Cities of Children
A priest’s mission to hear the voices of the new Europe
In reports from the emerging economies of Eastern Europe, the top economic indicators often leave a grim picture. There are other stories less often told, however, of a few men and women who are listening from the "bottom-up".
One of them is Father Georg Sporschill SJ, founder and director of Concordia Sozialprojekte working with children in Romania and Republic of Moldova, children trapped in the throes of economic transition and social change. It is their voices Father Sporschill attends to, voices that may well define what the New Europe is to become.
Romania and Moldavia have their own special difficulties becoming European: Romania with the continuing aftermath of the Ceausescu regime, Moldavia as a divided state that has border disputes with neighboring Ukraine and Russia over the renegade province of Transnistria. As usual, the poor and the children are caught in the crossfire.
The 62-year-old Sporschill was born in Feldkirch, Vorarlberg, in the first difficult years after the war. He entered the Jesuit order in 1976 and was ordained in 1978. Much of his career has been involved with youth and the homeless under the auspices of Caritas. In 1991, he was sent for the first time to Romania to intercede for children left homeless in the aftermath of the political and economic upheaval.
Since then, he and his co-workers at Concordia have founded centers in Bucharest, a training farm/trade school in Aricesti, Romania (1992) and a center in Ploiesti, Romania, (2000). In 2004 a center was established in Chisinau, Rep. of Moldova and work begun on the now completed "City of Children "in Pirita, 30 km from the capital.
These centers have cared for, housed and trained more than 1500 children and youth who have now made their separate ways into the wider world.
At present, there are over 1000 children and youth housed in communities and being trained for trades in Romania and Moldova, and 250 committed youth workers caring for them and teaching them.
Two visits to the "City of Children "in Pirita showed a village-like compound comprised of ten houses where house parents and children of different ages live in family groups. The compound has a new athletic/event center, sports fields, chapel, medical station, library and a "store" where toys, sweets and books can be bought with coupons earned by doing extra jobs. The house parents are trained to care for kids with special needs: these children come in scared, suspicious and often wild.
As much as food, clothes and safety, they crave acknowledgment of their self-worth and community. They find these and a secure place and most eventually learn to trust and assume their position in the family. Each house has its own yard and vegetable garden and every child has his or her age-appropriate responsibilities. The older kids help care for the younger ones. I watched, unobserved, as a five year old authoritatively showed a three year old how to sweep the walk properly.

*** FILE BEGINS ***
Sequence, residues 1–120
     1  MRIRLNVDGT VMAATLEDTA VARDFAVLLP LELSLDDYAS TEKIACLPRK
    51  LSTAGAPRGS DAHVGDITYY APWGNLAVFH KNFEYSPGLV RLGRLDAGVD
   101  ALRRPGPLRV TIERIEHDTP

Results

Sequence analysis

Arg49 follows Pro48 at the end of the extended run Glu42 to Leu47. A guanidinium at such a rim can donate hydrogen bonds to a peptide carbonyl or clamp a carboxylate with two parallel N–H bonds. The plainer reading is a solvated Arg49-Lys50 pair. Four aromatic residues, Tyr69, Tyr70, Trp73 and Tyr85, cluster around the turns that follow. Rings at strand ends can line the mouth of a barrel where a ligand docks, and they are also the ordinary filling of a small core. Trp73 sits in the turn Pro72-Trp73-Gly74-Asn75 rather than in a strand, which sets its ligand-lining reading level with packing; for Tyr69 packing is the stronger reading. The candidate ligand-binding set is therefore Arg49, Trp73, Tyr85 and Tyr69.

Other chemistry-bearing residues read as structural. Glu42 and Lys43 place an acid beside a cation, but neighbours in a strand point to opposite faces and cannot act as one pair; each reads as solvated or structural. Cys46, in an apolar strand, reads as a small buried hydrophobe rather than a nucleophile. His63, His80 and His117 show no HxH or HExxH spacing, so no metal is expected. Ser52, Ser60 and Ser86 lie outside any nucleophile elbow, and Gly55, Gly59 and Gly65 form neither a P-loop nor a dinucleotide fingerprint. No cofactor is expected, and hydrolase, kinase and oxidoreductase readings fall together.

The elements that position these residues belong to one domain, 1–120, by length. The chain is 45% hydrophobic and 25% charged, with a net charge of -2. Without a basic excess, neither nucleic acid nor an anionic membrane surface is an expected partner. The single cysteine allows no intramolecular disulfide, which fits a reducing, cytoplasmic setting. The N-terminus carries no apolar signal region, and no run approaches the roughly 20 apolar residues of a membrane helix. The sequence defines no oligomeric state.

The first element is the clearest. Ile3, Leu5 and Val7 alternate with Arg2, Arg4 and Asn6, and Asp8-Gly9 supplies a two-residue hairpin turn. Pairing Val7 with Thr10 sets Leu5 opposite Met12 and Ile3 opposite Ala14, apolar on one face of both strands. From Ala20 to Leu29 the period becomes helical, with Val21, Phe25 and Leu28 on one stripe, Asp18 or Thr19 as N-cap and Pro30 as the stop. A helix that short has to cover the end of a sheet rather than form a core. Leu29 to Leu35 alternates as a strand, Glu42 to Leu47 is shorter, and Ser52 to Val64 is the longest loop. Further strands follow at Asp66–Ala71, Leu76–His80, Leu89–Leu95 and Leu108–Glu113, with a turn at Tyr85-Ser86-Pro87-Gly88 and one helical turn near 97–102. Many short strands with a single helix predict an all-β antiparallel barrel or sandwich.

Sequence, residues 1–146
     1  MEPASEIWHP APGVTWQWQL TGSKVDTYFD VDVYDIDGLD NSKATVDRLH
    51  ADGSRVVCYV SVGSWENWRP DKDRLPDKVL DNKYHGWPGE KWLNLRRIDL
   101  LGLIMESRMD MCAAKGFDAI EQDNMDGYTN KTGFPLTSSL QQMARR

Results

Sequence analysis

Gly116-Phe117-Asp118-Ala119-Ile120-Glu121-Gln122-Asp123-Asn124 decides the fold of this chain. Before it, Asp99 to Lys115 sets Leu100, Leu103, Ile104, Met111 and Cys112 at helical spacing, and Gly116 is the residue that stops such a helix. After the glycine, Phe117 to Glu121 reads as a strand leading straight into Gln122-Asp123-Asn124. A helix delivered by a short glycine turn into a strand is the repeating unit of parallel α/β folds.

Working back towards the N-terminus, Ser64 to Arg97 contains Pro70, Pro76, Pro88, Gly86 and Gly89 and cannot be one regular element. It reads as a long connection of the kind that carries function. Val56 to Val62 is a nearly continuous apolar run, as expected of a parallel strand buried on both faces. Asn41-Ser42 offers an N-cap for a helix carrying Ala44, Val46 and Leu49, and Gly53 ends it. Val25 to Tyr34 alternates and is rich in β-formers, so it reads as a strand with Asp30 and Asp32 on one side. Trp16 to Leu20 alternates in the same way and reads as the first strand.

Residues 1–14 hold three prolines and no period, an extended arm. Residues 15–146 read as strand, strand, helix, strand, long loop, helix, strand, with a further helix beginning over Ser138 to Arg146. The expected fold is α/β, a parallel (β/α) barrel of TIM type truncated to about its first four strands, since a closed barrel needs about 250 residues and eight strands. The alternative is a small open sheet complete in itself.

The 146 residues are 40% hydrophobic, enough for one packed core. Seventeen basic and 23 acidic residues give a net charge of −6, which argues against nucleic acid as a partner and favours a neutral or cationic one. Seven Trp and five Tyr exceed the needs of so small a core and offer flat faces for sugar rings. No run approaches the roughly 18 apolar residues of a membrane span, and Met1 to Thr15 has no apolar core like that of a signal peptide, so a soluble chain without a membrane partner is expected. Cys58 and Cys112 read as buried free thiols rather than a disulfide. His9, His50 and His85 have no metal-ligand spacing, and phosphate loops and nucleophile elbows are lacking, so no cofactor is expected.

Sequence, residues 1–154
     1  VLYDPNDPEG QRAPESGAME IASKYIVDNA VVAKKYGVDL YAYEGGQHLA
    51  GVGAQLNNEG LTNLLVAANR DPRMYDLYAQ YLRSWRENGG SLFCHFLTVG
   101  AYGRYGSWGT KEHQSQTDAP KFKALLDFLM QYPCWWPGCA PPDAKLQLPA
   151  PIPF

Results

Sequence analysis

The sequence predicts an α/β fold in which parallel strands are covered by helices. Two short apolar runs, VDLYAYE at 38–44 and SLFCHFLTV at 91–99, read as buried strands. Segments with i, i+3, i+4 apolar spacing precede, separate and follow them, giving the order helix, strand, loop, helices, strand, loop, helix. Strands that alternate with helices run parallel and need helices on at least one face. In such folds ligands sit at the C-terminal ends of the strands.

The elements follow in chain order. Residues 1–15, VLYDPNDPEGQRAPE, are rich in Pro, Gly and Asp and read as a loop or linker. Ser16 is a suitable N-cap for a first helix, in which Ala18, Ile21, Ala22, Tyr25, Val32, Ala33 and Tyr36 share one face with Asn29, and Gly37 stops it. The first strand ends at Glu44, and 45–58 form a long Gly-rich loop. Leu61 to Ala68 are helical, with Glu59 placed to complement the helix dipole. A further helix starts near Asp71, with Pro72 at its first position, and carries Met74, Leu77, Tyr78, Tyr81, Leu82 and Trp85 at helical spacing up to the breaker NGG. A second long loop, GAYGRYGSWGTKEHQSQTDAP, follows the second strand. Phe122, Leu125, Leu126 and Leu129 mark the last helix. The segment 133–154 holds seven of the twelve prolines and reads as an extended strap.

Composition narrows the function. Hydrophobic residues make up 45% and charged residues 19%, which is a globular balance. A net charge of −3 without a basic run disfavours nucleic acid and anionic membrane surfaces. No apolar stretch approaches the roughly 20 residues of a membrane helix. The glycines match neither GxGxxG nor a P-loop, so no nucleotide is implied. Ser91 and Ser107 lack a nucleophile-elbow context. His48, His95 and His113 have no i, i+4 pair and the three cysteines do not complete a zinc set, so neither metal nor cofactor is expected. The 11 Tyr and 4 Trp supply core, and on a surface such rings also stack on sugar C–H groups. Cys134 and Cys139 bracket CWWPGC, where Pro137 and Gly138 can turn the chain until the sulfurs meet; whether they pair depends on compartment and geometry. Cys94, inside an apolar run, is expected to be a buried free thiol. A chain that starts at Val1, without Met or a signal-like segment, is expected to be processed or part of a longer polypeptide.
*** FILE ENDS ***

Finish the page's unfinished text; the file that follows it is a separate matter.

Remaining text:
Every child is celebrated on birthdays and special occasions and has his own bed, space and belongings. They are especially proud to show off their donor-supplied clothes and whip open the cupboard door to prove that they have a modest but neatly stacked selection of shirts for tomorrow.
Successes are celebrated even more than birthdays. Costel is 25. His mother left him at the hospital immediately after his birth. He went through various orphanages and experienced much brutality, ran away, lived in the streets and stole food, stowed away on a train to Bucharest and ended with a swarm of children there in the train station. Father Sporschill and a co-worker invited him to come with them. He stayed for 15 years, eventually trained as a baker at the Concordia trade farm outside Bucharest and now has a job in the bakery of a supermarket. He is one of the success stories from the family of Concordia.
But there are also the difficult cases. Moise lives in Bucharest, sometimes in the train station, sometimes in a sewer pipe…and when Pater Sporschill is there, then Moise comes to the Concordia center. But when Pater Sporschill leaves, Moise leaves, too. He’s addicted to street living, to his "independence ," to thieving to support his drug habit and sleeping off bum highs in a cold train station. Yes, he’s a "difficult case ", but he and others like him won’t let go of Pater Sporschill’s heart. Its kids like Moise who keep Pater Sporschill going back to find the one that’s lost.
"For me, the children save and broaden Europe; they are a balance, a counterpoint to the economy that the advance of the European integration requires." and "He who saves a child saves the whole world. "
He calls his charges "Children of Hope." As the world economy teeters around them, they offer a sign that a top economy without a solid bottom is out of balance.
While Father Sporschill is certainly the galleon figure for the operation, he insists that success requires a small horde of dedicated workers and donors.
True enough. However, one can’t help but see that his sense for the urgency moves everyone who draws near. This kind of energy and passion for his work are very hard to ignore
See, Georg Sporschill, Die Zweite Meile,
Ueberreuter, ISBN 3-8000-7211-4
Donations: Concordia Sozialprojekte
P. Georg Sporschill, Raiffeisen Bank,
BLZ 32000, Konto 7034499